La Force Draws From Broken Social Scene, AroarA and Arabic Singing for Her Self-Titled Debut

La Force Draws From Broken Social Scene, AroarA and Arabic Singing for Her Self-Titled Debut
Photo: Norman Wong
"I remember the crisis in my early 20s of feeling like I didn't have a voice, like a guitarist with her guitar tone," Ariel Engle tells Exclaim! "I felt like I could do all kinds of stuff, but I couldn't hear who I was. I haven't asked myself that question in a long time. I can't tell you what it is, but I open my mouth and it sounds like me." The musician, who records as La Force, is speaking from Broken Social Scene's tour bus, traveling through Oregon on the penultimate leg of their tour in support of Hug of Thunder.
She is about to release her debut record, an album which began as an AroarA record with her husband, fellow BSS member Andrew Whiteman, before "it became obvious, I think probably first to him and then to me too, that I needed to make this my own record.
"An essential thing is that he won't be touring with me, he's not in my band," she continues. "So that's a huge change for me — it's an identity shift. I've always been that — I'm a pack animal, so it'll be very different." The La Force live band, which debuted opening for Feist in May, features Evan Tighe and Dan Goldman, with headlining performances scheduled in Ontario and Quebec this month.
The themes on her self-titled debut are reflective, writing stemming from the duality of Engle's experiences: she became a mother at the same time as her father was gravely ill. "It's one coin. It's the fragility of life in how it's fleeting and also, of life force. I just felt like I was both the crest of the wave and at the bottom of the ocean simultaneously. So, I think the record deals with those themes, because that's where I was. And people say, 'Write what you know,' and that's what I knew. I still feel it, I'm still in a form of it, but I think maybe the peaks and valleys are a little more level than they were at the time."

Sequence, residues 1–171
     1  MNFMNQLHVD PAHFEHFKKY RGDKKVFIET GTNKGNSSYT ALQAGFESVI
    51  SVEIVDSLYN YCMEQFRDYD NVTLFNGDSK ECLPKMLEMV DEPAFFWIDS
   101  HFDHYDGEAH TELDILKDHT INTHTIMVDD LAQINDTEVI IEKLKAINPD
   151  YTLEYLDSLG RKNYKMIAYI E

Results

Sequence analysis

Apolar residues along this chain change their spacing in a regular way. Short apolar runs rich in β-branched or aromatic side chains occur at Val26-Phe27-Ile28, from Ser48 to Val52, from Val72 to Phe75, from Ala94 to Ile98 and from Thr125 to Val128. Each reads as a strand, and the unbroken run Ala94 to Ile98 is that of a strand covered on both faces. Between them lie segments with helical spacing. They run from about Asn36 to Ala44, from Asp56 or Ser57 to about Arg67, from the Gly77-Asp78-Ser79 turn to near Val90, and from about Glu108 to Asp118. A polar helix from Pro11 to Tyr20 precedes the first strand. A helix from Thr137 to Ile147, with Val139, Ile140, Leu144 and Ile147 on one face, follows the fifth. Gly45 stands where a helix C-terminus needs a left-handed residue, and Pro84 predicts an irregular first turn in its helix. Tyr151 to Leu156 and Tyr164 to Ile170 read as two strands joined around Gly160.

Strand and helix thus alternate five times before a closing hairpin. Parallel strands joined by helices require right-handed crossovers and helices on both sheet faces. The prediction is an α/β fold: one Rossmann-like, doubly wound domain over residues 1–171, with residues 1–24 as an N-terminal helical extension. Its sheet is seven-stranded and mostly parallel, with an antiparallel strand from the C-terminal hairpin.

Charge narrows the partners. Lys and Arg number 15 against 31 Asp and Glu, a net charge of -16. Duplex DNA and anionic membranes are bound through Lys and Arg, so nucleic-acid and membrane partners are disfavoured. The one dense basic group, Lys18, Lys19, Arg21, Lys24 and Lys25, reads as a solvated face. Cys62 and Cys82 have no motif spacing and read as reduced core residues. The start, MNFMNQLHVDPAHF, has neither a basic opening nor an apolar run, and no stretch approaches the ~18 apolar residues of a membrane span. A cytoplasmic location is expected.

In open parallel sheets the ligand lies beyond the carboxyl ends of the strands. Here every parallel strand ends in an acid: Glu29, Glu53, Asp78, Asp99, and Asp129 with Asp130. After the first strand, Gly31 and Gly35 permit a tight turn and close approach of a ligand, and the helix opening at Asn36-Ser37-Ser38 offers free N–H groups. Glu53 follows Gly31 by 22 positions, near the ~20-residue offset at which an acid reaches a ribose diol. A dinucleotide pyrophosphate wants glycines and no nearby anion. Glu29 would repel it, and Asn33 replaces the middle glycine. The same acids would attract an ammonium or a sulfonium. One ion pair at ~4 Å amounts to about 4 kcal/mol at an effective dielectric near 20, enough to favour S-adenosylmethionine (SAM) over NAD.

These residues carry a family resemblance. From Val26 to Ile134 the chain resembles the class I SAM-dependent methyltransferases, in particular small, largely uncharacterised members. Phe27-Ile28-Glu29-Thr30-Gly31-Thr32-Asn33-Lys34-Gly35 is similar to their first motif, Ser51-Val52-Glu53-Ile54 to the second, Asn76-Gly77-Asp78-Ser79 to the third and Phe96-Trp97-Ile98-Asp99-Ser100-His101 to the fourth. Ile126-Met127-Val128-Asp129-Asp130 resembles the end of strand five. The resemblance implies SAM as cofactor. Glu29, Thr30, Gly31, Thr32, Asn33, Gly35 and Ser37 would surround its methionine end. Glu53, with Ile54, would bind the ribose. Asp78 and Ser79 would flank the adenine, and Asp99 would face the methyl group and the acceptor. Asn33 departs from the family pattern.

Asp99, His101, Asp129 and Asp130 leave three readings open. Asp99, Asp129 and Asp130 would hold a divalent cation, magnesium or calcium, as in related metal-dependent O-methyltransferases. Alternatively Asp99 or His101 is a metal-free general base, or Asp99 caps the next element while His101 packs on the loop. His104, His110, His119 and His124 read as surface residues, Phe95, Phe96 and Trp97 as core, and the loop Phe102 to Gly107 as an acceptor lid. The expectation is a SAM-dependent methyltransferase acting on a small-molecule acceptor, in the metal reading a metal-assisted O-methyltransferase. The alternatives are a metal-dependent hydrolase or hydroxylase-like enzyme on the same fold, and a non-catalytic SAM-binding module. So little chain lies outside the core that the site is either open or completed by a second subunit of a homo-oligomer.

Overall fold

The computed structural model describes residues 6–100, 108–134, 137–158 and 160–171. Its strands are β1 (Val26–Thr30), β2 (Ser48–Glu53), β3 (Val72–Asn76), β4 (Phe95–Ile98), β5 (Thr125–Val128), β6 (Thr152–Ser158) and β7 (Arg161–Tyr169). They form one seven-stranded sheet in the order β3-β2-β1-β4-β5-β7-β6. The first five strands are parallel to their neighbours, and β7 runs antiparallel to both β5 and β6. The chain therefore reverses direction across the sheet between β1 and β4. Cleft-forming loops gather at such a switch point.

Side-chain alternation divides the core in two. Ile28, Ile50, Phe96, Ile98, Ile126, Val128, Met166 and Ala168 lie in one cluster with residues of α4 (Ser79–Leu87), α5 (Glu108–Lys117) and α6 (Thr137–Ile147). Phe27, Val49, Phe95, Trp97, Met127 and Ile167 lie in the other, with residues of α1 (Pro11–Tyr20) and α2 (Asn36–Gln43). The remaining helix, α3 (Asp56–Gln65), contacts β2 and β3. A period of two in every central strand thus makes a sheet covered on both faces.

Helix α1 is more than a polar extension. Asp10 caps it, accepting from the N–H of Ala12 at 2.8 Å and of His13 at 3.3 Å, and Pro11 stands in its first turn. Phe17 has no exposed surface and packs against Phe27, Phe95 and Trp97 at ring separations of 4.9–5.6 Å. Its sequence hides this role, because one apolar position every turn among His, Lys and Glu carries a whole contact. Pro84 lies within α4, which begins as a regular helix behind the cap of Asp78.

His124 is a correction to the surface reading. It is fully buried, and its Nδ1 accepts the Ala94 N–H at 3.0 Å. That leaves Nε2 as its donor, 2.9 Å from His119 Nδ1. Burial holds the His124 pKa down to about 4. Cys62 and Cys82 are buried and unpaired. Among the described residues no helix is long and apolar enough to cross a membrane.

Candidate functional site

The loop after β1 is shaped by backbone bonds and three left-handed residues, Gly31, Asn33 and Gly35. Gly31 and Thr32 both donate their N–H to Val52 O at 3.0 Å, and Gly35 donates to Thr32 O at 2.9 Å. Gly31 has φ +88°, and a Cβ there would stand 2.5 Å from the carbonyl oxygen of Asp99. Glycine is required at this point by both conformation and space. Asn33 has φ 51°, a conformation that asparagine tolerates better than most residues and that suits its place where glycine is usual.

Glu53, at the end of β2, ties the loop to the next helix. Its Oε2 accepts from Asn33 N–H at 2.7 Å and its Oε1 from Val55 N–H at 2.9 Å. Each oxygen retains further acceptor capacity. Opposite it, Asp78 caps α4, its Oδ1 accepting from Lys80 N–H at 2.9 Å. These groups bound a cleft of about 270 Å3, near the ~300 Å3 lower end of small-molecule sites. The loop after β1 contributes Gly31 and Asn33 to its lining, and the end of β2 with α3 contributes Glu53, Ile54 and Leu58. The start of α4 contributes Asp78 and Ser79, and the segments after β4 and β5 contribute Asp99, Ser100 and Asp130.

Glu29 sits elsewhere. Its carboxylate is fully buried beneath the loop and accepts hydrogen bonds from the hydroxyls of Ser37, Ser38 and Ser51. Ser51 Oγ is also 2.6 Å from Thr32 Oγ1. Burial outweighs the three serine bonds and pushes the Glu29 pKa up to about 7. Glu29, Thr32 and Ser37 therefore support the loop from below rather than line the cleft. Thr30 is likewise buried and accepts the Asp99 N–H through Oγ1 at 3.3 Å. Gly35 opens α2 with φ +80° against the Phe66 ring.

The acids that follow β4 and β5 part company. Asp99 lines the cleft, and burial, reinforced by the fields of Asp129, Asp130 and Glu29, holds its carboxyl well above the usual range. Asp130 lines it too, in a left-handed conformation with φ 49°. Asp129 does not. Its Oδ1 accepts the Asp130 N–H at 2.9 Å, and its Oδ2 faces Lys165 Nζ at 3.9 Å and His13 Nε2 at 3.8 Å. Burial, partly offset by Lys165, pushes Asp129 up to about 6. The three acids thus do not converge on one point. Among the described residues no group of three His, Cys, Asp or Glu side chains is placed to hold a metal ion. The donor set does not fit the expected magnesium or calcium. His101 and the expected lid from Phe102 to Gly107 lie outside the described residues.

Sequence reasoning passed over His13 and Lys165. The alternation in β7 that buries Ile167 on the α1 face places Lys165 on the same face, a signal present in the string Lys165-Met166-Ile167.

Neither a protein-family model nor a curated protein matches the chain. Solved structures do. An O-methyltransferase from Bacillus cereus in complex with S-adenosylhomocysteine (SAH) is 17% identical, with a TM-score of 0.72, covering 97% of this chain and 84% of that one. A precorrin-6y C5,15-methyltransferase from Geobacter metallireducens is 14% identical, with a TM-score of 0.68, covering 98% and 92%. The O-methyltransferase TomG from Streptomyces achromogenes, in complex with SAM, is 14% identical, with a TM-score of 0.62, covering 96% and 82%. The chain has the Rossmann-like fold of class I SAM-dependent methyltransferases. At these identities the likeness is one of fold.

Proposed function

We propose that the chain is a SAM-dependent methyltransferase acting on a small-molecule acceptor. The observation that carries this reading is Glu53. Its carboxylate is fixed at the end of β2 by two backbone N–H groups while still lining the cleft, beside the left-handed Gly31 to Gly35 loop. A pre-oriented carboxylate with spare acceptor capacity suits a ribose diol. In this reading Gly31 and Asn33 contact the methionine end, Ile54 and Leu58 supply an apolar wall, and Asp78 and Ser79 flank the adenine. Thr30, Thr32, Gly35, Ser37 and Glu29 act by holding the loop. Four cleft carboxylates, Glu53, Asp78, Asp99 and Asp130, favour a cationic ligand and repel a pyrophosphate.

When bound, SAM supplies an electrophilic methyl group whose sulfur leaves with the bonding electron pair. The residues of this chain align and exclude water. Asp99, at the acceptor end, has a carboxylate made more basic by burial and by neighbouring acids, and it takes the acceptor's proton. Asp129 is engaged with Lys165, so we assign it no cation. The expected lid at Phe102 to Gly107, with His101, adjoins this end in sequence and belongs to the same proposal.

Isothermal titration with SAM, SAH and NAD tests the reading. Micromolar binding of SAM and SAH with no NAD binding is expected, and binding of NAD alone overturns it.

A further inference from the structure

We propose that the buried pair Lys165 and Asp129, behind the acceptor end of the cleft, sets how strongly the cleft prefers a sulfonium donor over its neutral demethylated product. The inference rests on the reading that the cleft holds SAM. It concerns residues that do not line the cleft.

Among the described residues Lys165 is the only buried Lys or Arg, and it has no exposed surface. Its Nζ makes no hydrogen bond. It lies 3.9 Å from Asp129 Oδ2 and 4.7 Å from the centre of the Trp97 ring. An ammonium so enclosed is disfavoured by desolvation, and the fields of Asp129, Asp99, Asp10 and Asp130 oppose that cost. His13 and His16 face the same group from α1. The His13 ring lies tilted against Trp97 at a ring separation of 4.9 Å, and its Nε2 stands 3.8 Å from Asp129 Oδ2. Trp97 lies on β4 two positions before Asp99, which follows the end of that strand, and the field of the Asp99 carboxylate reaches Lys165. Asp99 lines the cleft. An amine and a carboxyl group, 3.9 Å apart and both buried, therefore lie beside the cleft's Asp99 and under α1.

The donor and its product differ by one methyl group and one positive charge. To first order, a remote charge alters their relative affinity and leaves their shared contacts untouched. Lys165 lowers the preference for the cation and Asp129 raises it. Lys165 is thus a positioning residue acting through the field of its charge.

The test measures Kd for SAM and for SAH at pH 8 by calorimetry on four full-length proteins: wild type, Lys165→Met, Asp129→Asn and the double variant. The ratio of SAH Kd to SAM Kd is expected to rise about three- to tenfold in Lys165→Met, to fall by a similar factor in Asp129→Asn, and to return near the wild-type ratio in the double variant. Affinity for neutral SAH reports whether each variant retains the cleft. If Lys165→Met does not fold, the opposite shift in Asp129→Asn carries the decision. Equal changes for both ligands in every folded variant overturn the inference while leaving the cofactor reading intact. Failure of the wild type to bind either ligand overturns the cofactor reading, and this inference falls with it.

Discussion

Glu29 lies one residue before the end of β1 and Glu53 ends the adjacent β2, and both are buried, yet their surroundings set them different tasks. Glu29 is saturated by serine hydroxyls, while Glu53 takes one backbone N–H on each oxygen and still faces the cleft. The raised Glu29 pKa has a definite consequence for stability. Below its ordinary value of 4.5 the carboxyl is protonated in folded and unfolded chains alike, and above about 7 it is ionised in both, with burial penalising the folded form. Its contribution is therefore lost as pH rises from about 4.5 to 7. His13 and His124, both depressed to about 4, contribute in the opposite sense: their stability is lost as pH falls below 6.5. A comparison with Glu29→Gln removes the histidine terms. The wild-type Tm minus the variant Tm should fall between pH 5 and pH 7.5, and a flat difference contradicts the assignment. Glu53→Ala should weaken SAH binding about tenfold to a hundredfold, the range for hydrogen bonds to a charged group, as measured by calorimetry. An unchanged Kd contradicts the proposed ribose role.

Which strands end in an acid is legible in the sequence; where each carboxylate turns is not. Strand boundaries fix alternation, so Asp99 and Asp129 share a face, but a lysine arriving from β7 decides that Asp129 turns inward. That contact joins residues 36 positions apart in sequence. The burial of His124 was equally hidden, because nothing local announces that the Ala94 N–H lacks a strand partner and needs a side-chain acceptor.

The album is warmly produced and feels vulnerable, its production at once familiar and experimental beyond traditional pop and rock structures. Engle attributes this to her lack of formal training, which allows for minimal constraints during composition. She wrote a couple of songs with one of Whiteman's guitars held upside down, since Engle is left-handed. "One of the things about being self-taught-slash-not taught is that I…" she laughs, "It's always new. I never really learned how to do it right. I often feel a rhythm differently than Andrew, which has led to interesting stuff with AroarA, especially."
Engle began developing her voice within Montreal's music community: "I adore Montreal — I don't live there for the climate, but I love the culture." However, she doesn't consider herself part of an "experimental scene," given her background as a vocalist and collaborator. "It's not like when you join Broken Social Scene and like, that's a community — it's very tangible and you know who it is."
She sang as part of Egyptian-Canadian artist Sam Shalabi's Land of Kush project, where her voice was challenged by scored compositions featuring quarter-tone scales. "I've sung in Arabic — not that I speak Arabic," she laughs. "I have a profound love and admiration for Middle Eastern music. I'm not the kind of person who knows lots of details — I don't read liner notes, but it just speaks to me. And I think that maybe listening to that music has had some trace effects on my music."
One of the projects in which Engle defined herself as a vocalist has been HYDRA, which includes Feist and Daniela Gesundheit. "HYDRA was magic. It felt because there was no… it came with no expectations, no preamble, it just happened, and it felt very powerful for me being with Leslie and Daniela. I not only love them as friends — two of my closest friends — it's just exhilarating to feel that we can make good music together. We call ourselves — I'm the devil and Daniela is the angel, and Leslie dips into both worlds." Engle is currently opening for Feist solo in Europe, where Gesundheit will join them; "impromptu singing" is likely to occur.
"I am really attracted to, and I hope to in future, make music that's more trance-y and about getting into a state of mind, rather than song structure," Engle enthuses, referencing "The Tide," her album's drone-inspired opener. "I think that's my outsider interpretation of some of the trance-y North African music that I have liked to listen to."
Despite the highly personal nature of the subject matter on La Force, Engle has been careful to retain space between the music and her own experiences: "I wanted to be honest without feeling like you were walking into my diary. I don't keep a diary, but it doesn't have to be everything. I mean, there is obviously some construction, some distance. But it felt real to me."
La Force comes out September 7 on Arts & Crafts.